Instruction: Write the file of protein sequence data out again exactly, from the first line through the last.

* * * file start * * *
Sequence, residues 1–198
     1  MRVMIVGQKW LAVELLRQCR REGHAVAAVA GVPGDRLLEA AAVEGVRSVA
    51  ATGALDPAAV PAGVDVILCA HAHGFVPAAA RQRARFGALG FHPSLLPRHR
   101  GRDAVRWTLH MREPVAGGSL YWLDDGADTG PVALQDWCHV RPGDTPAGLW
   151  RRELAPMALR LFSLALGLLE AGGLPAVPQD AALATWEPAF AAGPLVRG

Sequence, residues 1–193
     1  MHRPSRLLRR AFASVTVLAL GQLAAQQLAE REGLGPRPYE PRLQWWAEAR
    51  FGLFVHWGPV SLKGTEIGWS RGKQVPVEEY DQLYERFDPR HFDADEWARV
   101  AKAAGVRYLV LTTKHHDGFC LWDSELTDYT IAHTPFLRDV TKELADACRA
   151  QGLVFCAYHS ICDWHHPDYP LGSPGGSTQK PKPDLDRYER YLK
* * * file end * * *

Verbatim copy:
Sequence, residues 1–198
     1  MRVMIVGQKW LAVELLRQCR REGHAVAAVA GVPGDRLLEA AAVEGVRSVA
    51  ATGALDPAAV PAGVDVILCA HAHGFVPAAA RQRARFGALG FHPSLLPRHR
   101  GRDAVRWTLH MREPVAGGSL YWLDDGADTG PVALQDWCHV RPGDTPAGLW
   151  RRELAPMALR LFSLALGLLE AGGLPAVPQD AALATWEPAF AAGPLVRG

Sequence, residues 1–193
     1  MHRPSRLLRR AFASVTVLAL GQLAAQQLAE REGLGPRPYE PRLQWWAEAR
    51  FGLFVHWGPV SLKGTEIGWS RGKQVPVEEY DQLYERFDPR HFDADEWARV
   101  AKAAGVRYLV LTTKHHDGFC LWDSELTDYT IAHTPFLRDV TKELADACRA
   151  QGLVFCAYHS ICDWHHPDYP LGSPGGSTQK PKPDLDRYER YLK